Urban Outfitters (NASDAQ:URBN) has had a rough week with its share price down 8.4%. However, stock prices are usually driven by a company’s financials over the long term, which in this case look pretty respectable. Particularly, we will be paying attention to Urban Outfitters’ ROE today.
Return on equity or ROE is a key measure used to assess how efficiently a company’s management is utilizing the company’s capital. Put another way, it reveals the company’s success at turning shareholder investments into profits.
How Do You Calculate Return On Equity?
ROE can be calculated by using the formula:
Return on Equity = Net Profit (from continuing operations) ÷ Shareholders’ Equity
So, based on the above formula, the ROE for Urban Outfitters is:
17% = US$298m ÷ US$1.7b (Based on the trailing twelve months to October 2021).
The ‘return’ is the amount earned after tax over the last twelve months. Another way to think of that is that for every $1 worth of equity, the company was able to earn $0.17 in profit.
Why Is ROE Important For Earnings Growth?
We have already established that ROE serves as an efficient profit-generating gauge for a company’s future earnings. Depending on how much of these profits the company reinvests or “retains”, and how effectively it does so, we are then able to assess a company’s earnings growth potential. Assuming everything else remains unchanged, the higher the ROE and profit retention, the higher the growth rate of a company compared to companies that don’t necessarily bear these characteristics.
Urban Outfitters’ Earnings Growth And 17% ROE
To begin with, Urban Outfitters seems to have a respectable ROE. Even so, when compared with the average industry ROE of 29%, we aren’t very excited. Needless to say, the 6.8% net income shrink rate seen by Urban Outfittersover the past five years is a huge dampener. Bear in mind, the company does have a high ROE. It is just that the industry ROE is higher. So there might be other reasons for the earnings to shrink. For example, it could be that the company has a high payout ratio or the business has allocated capital poorly, for instance.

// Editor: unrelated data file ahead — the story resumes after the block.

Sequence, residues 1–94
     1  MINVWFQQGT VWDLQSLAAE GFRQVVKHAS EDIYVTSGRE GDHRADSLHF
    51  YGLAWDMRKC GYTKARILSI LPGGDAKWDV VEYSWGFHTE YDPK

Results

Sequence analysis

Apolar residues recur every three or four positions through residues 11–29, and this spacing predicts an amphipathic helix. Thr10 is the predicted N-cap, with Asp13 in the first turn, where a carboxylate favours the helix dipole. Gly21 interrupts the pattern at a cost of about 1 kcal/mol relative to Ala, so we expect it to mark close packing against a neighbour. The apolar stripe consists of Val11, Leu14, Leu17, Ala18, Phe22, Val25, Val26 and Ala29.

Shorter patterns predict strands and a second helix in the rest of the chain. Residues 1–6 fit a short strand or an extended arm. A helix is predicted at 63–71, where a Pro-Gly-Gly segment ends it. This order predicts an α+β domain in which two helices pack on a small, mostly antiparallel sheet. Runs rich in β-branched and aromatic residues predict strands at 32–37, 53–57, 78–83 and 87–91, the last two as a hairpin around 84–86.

However, when we compared Urban Outfitters’ growth with the industry we found that while the company’s earnings have been shrinking, the industry has seen an earnings growth of 17% in the same period. This is quite worrisome.
The basis for attaching value to a company is, to a great extent, tied to its earnings growth. What investors need to determine next is if the expected earnings growth, or the lack of it, is already built into the share price. By doing so, they will have an idea if the stock is headed into clear blue waters or if swampy waters await. Has the market priced in the future outlook for URBN? You can find out in our latest intrinsic value infographic research report.
Is Urban Outfitters Efficiently Re-investing Its Profits?
Urban Outfitters doesn’t pay any dividend, meaning that potentially all of its profits are being reinvested in the business, which doesn’t explain why the company’s earnings have shrunk if it is retaining all of its profits. It looks like there might be some other reasons to explain the lack in that respect. For example, the business could be in decline.
Overall, we feel that Urban Outfitters certainly does have some positive factors to consider. However, while the company does have a decent ROE and a high profit retention, its earnings growth number is quite disappointing. This suggests that there might be some external threat to the business, that’s hampering growth. Additionally, the latest industry analyst forecasts show that the company is expected to continue to see a similar decline in its earnings in the future as well. To know more about the company’s future earnings growth forecasts take a look at this free report on analyst forecasts for the company to find out more.
This article by Simply Wall St is general in nature. We provide commentary based on historical data and analyst forecasts only using an unbiased methodology and our articles are not intended to be financial advice. It does not constitute a recommendation to buy or sell any stock, and does not take account of your objectives, or your financial situation. We aim to bring you long-term focused analysis driven by fundamental data. Note that our analysis may not factor in the latest price-sensitive company announcements or qualitative material. Simply Wall St has no position in any stocks mentioned.
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